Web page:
Britain's first outbreak of bird flu may have been caused by semi-processed turkey meat imported directly from Hungary, where the disease is prevalent, the Government said last night.
Large quantities of the meat - 38 tonnes of it a week - have been brought in to the processing plant of the Bernard Matthews turkey farm at Holton in Suffolk, where a week ago thousands of live turkeys in an adjacent shed were found to be suffering from the H5N1 strain of the virus.
The revelation, in the statement from the Department for Environment, Food and Rural Affairs (Defra), is a remarkable about-turn. Earlier this week, the Environment Secretary, David Miliband, assured the Commons that there was "no Hungarian connection". The question had arisen because the Bernard Matthews company has a large Hungarian subsidiary which produces turkeys under the brand name Saga, and avian flu has recently been found in Hungary.
Mr Miliband had said the outbreak had probably been brought to Britain by wild birds. Last night's statement shows government vets now consider the Hungarian link to be a prime hypothesis for the outbreak. It also makes the wild-bird theory extremely unlikely - as Britain's bird experts have always said.
The Hungarian theory has been further strengthened by tests indicating that the virus in Suffolk and the virus in Hungary are identical.
Besides putting a question mark over the bio- security regime of the Bernard Matthews organisation, the revelation raises questions about whether any of the imported meat that may have been infected with H5N1 has got into the human food chain. The shipments of part-processed meat, brought to Suffolk for final processing, are thought to comprise thousands of birds, and the plant is next door the shed where the British birds fell ill.
Defra was unable to say if any infected Hungarian turkeys had been eaten by UK consumers. But a Defra spokeswoman said that, even if it had happened, it would not pose a direct threat to human health. Dr Judith Hilton, head of microbiological safety at the FSA, said: "Food Standards Agency advice has been and remains that avian flu does not pose a food safety risk for UK consumers."
The Government's deputy chief vet, Fred Landeg, said: "Our investigations have shown that one possible route of infection is poultry product imported from Hungary ... We are working in close contact with the Hungarian authorities and the European Commission. The company involved [Bernard Matthews] have voluntarily agreed to temporarily suspend movement of poultry products between their outlets in the UK and Hungary."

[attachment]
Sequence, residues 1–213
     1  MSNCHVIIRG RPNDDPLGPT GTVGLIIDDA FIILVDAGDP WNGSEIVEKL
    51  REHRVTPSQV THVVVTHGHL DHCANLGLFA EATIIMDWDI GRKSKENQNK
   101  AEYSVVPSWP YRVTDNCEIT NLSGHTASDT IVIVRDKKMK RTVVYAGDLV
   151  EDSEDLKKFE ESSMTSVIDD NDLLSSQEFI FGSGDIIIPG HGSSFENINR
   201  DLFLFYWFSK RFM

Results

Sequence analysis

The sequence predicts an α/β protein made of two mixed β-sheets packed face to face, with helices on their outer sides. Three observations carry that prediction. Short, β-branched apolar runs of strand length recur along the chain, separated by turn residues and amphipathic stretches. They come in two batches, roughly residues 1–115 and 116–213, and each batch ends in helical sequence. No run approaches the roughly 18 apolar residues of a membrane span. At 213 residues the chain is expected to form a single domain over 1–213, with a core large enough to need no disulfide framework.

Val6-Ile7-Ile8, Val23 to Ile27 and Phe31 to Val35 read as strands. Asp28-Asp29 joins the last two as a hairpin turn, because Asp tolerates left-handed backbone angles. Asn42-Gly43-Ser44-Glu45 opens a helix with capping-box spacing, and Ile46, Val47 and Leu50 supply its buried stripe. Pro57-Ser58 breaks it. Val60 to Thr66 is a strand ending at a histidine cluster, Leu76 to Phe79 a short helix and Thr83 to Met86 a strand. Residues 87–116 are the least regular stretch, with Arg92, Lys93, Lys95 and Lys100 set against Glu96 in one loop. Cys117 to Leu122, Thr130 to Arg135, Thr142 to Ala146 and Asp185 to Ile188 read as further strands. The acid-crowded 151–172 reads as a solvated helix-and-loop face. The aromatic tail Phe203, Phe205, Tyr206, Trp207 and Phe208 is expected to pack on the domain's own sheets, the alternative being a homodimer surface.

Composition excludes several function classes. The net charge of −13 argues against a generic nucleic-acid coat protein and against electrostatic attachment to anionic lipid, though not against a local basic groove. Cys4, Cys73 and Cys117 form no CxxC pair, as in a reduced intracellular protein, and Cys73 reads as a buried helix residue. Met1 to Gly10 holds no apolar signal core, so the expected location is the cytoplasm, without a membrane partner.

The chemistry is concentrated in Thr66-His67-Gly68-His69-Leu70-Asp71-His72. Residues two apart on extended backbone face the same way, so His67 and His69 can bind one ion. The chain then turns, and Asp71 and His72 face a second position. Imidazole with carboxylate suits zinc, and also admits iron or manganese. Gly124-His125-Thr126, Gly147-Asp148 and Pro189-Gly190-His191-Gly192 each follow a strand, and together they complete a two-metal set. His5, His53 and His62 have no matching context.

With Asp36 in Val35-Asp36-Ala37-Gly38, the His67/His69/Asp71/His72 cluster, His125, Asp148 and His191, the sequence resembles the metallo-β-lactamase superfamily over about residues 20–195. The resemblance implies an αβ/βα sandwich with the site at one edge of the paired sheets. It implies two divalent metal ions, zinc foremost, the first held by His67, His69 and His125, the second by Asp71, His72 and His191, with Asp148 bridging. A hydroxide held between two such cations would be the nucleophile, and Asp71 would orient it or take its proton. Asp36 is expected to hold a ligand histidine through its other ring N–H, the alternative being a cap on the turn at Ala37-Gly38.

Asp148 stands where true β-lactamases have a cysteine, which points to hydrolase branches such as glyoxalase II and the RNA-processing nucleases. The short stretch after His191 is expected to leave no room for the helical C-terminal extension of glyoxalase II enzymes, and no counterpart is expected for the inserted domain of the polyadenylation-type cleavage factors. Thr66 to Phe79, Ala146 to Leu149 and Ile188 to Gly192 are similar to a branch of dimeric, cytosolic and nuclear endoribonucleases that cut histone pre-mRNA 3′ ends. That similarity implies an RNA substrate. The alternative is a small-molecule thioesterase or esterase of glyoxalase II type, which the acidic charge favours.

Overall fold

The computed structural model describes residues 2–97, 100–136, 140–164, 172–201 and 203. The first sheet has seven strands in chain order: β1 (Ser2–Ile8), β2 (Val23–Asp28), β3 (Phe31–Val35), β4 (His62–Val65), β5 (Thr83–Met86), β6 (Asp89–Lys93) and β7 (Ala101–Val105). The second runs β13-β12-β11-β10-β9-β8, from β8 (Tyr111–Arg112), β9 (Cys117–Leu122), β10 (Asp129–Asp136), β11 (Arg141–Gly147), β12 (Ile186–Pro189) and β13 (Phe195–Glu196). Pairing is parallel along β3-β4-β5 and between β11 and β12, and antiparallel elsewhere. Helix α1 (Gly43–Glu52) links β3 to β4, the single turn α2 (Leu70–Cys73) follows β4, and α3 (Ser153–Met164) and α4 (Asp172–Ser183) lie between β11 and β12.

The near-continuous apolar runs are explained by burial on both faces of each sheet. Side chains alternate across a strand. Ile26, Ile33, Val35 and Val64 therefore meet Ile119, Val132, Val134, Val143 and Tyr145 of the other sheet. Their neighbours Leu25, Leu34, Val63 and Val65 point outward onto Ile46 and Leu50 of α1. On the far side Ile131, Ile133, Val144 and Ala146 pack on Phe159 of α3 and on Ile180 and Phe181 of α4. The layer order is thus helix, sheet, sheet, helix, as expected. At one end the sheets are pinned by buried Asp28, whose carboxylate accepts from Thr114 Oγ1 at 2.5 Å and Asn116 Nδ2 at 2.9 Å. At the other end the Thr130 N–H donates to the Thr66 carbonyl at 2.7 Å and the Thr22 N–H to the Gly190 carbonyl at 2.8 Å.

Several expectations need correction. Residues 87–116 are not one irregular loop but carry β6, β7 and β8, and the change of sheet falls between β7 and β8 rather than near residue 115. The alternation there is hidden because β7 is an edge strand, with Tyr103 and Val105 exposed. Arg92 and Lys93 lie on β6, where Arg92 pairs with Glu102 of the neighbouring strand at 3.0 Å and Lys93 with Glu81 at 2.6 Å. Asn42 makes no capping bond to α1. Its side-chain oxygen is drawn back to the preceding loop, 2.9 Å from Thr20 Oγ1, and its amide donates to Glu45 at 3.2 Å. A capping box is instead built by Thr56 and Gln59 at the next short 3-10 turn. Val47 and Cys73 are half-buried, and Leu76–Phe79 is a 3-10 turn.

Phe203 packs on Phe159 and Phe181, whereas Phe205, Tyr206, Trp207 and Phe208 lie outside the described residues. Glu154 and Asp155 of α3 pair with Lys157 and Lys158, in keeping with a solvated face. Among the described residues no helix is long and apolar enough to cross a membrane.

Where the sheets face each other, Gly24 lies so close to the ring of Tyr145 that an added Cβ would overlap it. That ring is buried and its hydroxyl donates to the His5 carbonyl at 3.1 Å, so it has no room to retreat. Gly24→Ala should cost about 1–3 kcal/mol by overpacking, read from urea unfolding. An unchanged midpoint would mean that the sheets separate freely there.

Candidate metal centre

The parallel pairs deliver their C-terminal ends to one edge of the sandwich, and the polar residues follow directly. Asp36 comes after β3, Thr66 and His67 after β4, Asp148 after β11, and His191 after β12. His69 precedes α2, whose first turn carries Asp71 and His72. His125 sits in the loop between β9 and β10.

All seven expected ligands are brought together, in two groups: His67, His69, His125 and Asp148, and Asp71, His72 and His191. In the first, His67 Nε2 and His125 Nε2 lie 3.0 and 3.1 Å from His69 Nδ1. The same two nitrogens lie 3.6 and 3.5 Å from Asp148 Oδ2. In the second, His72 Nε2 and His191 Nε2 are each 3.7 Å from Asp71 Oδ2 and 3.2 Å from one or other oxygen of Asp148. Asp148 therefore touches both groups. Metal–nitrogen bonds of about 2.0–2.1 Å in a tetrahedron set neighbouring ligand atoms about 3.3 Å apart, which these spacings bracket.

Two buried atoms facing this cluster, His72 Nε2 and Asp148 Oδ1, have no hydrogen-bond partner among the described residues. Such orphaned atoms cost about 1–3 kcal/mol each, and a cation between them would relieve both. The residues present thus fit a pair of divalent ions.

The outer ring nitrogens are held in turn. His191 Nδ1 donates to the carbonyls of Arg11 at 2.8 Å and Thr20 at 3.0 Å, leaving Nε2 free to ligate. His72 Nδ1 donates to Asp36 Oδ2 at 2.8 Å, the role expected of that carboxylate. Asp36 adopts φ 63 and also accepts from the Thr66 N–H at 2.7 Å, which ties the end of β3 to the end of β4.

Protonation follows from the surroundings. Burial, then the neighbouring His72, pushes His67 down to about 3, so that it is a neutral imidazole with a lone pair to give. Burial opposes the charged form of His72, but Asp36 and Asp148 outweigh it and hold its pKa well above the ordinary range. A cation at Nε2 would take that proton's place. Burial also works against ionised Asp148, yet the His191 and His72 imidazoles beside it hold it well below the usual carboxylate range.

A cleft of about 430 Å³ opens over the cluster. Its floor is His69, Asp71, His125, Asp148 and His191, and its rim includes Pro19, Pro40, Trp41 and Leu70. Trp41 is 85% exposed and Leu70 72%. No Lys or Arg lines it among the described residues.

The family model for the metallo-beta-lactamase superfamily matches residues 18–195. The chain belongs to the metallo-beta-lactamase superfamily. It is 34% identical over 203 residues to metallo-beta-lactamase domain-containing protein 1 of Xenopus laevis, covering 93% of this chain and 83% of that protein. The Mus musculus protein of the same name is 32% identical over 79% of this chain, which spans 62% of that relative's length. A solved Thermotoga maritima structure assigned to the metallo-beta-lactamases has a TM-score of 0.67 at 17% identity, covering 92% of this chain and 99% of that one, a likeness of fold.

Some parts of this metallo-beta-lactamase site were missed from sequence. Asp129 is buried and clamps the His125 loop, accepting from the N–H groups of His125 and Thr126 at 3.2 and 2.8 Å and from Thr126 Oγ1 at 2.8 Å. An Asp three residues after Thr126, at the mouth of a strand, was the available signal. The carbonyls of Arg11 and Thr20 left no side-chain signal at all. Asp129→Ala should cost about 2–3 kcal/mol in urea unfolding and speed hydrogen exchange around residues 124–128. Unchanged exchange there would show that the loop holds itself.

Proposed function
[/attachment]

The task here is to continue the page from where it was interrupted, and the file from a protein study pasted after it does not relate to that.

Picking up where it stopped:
The shadow Environment Secretary, Peter Ainsworth, said: "It always seemed unlikely that avian flu arrived in Suffolk via the wild bird population, since there has been no evidence of infected wild birds. Bernard Matthews now have some serious questions to answer about their bio-security arrangements and the version of events they have told."
Dr Mark Avery, director of conservation for the Royal Society for the Protection of Birds, said last night: "Some commentators and non-ornithological experts have been making rash assumptions about wild birds and their involvement in the spread of H5N1, but we always thought this route was unlikely in this particular case."
How the saga unfolded
Tuesday 30 January
Staff at the Bernard Matthews turkey farm, in Holton, Suffolk notice high mortality among the flock. Local vets diagnose problem as E.coli.
Thursday 1 February
Government vets are called to Holton after the deaths of 2,600 turkeys. Affected premises put under restriction.
Friday 2 February
Preliminary results by the State Veterinary Service show the H5 strain of the avian influenza virus is present in samples from poultry found dead on the premises.
Saturday 3 February
Infection confirmed as highly pathogenic H5N1 Asian strain of bird flu.
Saturday 3 February
A 3km protection zone and 10km surveillance zone is imposed around the infected premises to restrict movements of poultry and isolate them from wild birds. Government vets start gassing the infected birds.
Monday 5 February
Environment Secretary David Miliband rules out claims that outbreak could have started in chicks imported from Hungary. "In respect of the chicks, they all came from within this country, so there is no Hungarian connection. The factory involved in the Hungarian outbreak is not a Bernard Matthews factory." Culling of 159,000 turkeys completed.
Wednesday 7 February
Miliband comments about outbreak on his blog. He says that investigators may never be able to determine cause of H5N1 infection.
Thursday 8 February
The Government says that following preliminary scientific tests, the viruses in Suffolk and recent outbreaks in Hungary may well be identical. Three more Bernard Matthews sheds confirmed to be infected with H5N1.Reuse content